My dad said the house has the advantage in Blackjack because you can't play one hand against the dealer, you can only play on your own if you play two hands, and this gives them an edge.

I know their edge actually comes from playing last (as if you both bust, you don't push, the player loses), but would playing 1 or 2 hands against the house make a difference, or would their edge stay the same?

2 Answers 2


A lot depends on how the house perceives you as a customer. If you are a "regular" and have played many rounds with them in the past, they will likely deal to you alone today, even if you only play one hand.

If this is your first time, and you've been betting the minimum, that's kind of a different story. The house may then decide that it's not worth the dealer's time and effort, and may require a "two hand minimum" to run the table, either from you, or between you and another party.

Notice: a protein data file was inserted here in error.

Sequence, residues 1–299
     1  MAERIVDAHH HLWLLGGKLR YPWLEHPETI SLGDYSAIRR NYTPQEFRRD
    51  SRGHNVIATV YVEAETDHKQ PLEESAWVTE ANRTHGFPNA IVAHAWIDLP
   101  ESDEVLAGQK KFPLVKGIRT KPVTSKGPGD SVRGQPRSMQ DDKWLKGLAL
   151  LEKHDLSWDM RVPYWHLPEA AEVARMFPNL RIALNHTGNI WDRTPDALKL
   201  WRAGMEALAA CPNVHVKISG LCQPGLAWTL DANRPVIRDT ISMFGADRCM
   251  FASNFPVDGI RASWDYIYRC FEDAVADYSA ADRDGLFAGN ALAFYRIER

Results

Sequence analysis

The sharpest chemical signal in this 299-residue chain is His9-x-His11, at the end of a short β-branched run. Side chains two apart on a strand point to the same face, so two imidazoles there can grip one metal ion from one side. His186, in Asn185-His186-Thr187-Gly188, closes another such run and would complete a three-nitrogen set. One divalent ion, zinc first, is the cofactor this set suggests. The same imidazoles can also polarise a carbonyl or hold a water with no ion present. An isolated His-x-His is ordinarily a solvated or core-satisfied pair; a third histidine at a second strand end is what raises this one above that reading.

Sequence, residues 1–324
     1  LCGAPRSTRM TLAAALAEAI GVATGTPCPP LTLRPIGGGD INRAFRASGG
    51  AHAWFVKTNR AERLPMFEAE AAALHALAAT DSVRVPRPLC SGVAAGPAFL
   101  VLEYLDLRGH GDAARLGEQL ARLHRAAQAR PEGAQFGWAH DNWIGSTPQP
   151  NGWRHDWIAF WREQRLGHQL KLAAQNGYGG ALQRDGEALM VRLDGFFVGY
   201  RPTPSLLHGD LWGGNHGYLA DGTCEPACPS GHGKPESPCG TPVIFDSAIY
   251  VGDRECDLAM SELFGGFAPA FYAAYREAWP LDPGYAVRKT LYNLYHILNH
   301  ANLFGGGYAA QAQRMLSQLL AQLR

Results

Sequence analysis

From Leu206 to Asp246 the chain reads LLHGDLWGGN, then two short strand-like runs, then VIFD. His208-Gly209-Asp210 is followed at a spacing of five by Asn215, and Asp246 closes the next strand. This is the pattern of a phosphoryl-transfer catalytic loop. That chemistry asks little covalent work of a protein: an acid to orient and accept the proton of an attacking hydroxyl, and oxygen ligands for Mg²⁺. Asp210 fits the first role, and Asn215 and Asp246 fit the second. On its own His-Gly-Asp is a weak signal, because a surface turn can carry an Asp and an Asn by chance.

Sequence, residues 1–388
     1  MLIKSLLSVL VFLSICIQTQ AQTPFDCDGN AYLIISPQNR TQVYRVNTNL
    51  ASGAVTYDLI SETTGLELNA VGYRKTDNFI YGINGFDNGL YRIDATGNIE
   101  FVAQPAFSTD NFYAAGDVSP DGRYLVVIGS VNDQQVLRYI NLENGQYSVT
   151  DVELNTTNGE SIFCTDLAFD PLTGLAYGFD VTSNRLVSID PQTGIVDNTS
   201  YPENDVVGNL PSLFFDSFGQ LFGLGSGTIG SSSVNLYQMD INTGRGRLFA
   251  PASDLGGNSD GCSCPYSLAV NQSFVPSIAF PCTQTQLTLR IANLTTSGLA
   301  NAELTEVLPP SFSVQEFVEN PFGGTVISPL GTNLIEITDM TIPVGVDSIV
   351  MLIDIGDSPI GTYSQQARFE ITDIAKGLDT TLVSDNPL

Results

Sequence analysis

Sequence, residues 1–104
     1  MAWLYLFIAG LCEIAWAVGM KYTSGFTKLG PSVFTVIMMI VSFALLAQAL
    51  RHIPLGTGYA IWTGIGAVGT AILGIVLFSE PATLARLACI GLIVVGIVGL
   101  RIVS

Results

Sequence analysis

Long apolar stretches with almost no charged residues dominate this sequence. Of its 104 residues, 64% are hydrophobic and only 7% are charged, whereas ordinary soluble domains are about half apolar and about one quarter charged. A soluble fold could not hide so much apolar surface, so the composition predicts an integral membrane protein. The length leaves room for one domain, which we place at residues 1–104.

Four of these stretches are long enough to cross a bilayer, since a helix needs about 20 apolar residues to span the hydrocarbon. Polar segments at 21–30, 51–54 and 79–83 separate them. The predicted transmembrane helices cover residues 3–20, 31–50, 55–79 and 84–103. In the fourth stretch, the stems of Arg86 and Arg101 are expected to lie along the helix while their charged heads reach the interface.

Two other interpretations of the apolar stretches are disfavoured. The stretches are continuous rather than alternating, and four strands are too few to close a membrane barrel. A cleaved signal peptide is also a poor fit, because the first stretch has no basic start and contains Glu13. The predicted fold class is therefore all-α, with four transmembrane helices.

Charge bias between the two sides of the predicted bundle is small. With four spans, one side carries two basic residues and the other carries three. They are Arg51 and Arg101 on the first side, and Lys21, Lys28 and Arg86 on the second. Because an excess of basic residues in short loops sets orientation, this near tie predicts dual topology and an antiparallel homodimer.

If you are not card counting, the house has its edge/hand no matter what. For N hands, you just multiply the house edge by N to get the new house edge.

If you are card counting, the question gets more complicated, but one additional hand is not likely to make a difference between favoring the player and favoring the house. Any difference in player edge is going to come from the fact that more cards are dealt out between hands (card counters get most of their edge from changing their bet sizes based on the distribution of cards left in the deck).

All of this assumes that dealers reshuffle well before reaching the end of the deck/shoe, which is the case virtually everywhere these days.

By the way, the assumption that no one lets you play one hand at a table by yourself is false. I did it all the time when I lived in Washington state.

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